After her children were exposed to COVID, Megan, a woman in Illinois, took them to get tested. A rapid test from the local drugstore might have sufficed, but her son Brennan really did not like the nasal swab—it tickled, it was sometimes painful, and it was just not a fun experience. So Megan took her children to a testing site where Brennan spat into a tube that was then sent off to a lab for processing. The results came back in less than 24 hours.
COVID testing has advanced rapidly since early in the pandemic, when people had to get deep “brain tickling” nasal swabs at a doctor’s office and wait days for results. The University of Illinois at Urbana Champaign (UIUC), Yale University, the Rockefeller University and others have now independently developed an array of saliva-based tests.* These tests are less invasive, can be processed faster and, in some cases, are more sensitive than nasal-based assays.
Whereas nasal swabs can be somewhat unwieldy for everyday use, “it’s fairly easy to provide a saliva sample repeatedly,” says Rebecca Lee Smith, an infectious disease epidemiologist at UIUC and a scientific advisor for the program that developed covidSHIELD, the saliva test Brennan took.
CovidSHIELD is a polymerase chain reaction (PCR) test, a highly sensitive molecular assay that involves amplifying genetic material from SARS-CoV-2, the virus that causes COVID, to a detectable level. PCR analysis is usually but not always done in a laboratory.
Once a covidSHIELD saliva sample reaches the laboratory, scientists drop it into a hot-water bath to kill any existing virus and neutralize saliva components that might interfere with the test. The sample is now ready to undergo amplification. “Primers,” short fragments of genetic material, are added to the sample. As Smith explains it, primers are “a little ‘idea’ of what the virus looks like in the RNA [genetic material].” The RNA from the virus is converted into complimentary DNA (cDNA). The primer tries to connect itself to cDNA from the virus and make a copy. As the process is repeated, or “cycled,” any cDNA is amplified through these copies until it can be easily identified and deemed a positive sample.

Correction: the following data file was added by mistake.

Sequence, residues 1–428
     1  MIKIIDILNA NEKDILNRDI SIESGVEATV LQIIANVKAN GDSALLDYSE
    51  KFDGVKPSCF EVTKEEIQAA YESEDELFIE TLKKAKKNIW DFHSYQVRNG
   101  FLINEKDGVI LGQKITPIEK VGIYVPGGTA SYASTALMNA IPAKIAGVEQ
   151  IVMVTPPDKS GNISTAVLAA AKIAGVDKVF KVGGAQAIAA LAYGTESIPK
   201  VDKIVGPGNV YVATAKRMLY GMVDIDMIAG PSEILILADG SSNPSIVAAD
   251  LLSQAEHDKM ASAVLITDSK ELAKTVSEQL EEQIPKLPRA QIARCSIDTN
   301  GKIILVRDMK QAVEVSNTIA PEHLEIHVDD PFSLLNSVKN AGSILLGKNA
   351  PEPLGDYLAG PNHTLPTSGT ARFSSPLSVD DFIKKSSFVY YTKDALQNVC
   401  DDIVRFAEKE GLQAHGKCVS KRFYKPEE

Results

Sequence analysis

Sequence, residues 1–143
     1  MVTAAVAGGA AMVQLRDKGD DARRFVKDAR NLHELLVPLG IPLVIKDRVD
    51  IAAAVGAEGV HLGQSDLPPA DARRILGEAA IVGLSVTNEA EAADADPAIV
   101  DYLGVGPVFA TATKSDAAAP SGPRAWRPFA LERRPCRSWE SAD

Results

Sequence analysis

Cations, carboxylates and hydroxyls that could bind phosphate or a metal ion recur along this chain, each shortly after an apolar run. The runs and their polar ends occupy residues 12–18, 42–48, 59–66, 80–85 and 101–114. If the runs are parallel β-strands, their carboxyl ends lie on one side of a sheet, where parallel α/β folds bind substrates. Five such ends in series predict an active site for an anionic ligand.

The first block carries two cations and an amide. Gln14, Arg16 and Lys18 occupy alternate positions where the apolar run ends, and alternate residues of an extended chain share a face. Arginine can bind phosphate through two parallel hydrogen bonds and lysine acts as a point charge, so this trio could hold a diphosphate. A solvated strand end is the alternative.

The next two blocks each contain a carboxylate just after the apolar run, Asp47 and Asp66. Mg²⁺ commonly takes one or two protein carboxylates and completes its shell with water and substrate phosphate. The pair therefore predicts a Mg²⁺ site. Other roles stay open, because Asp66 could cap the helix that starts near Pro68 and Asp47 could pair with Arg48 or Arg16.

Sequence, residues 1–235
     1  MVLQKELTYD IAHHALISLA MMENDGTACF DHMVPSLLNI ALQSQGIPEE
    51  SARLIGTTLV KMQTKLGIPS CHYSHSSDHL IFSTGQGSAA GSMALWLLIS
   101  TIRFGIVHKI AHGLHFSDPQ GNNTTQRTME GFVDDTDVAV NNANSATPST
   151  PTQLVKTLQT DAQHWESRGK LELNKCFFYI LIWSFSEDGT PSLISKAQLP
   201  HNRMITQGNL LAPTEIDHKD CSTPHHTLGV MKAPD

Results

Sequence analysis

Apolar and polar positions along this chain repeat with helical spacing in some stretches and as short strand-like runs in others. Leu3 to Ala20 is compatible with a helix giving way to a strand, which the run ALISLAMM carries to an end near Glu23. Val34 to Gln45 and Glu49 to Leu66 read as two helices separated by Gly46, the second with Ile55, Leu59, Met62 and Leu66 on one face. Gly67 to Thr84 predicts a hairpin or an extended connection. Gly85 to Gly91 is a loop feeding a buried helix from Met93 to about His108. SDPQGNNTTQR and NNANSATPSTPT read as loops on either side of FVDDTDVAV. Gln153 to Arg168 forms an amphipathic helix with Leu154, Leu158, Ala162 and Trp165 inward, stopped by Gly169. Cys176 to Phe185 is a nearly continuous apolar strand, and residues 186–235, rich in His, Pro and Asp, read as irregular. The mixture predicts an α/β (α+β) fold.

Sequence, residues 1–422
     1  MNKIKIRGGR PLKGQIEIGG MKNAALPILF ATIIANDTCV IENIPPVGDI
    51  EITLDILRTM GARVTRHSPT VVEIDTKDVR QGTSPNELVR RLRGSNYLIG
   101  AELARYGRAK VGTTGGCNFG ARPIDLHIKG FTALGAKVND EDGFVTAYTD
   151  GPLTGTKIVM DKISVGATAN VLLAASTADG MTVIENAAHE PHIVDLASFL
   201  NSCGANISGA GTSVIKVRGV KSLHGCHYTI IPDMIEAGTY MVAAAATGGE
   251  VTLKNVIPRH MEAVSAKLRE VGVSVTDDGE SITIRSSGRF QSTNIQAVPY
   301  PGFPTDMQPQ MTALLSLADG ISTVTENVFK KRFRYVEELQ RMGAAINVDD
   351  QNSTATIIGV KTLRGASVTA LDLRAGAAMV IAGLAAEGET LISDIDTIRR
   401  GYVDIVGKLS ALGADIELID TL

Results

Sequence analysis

The covidSHIELD procedure is able to skip a traditional RNA extraction step. Instead it uses heat and chemical treatments to release the viral RNA. This enables the test’s developers to promise results in less than 24 hours. The average turnaround time for results is even faster, according to Beth Heller, a spokesperson for SHIELD Illinois, a nonprofit unit of the University of Illinois System that administers the test in the state. “We are, right now, averaging 13 hours” from sample collection to results, she says.
The time lag between taking a COVID test and getting the result is a critical factor in evaluating any diagnostic. Along with overall testing sensitivity, it is part of a broader debate about the use of PCR versus rapid antigen tests. Antigen tests are mainly nasal-swab-based, although researchers are working on an accurate saliva-based version. And they work by testing for the presence of viral antigens—bits of the virus that provoke an immune response—using a specialized testing strip.
Proponents of antigen tests argue that their speed and low cost make them more suitable as a public health tool. “A PCR test, especially one that has to be sent out to the laboratory, should really be reserved for medicine,” such as when a doctor diagnoses a patient, says epidemiologist Michael Mina, who has advised President Joe Biden and his administration on testing and who is chief science officer of eMed, a company that sells antigen tests that are verified through a telehealth platform.
PCR tests’ extreme sensitivity is one of their main problems in a public health context. “I don’t want [someone] to have a positive test if [they are] not infectious anymore, because if they’re positive, I’m going to tell them to isolate for 10 days,” Mina says. “And if they’re not infectious anymore, me telling them to isolate for 10 days is bad public health.”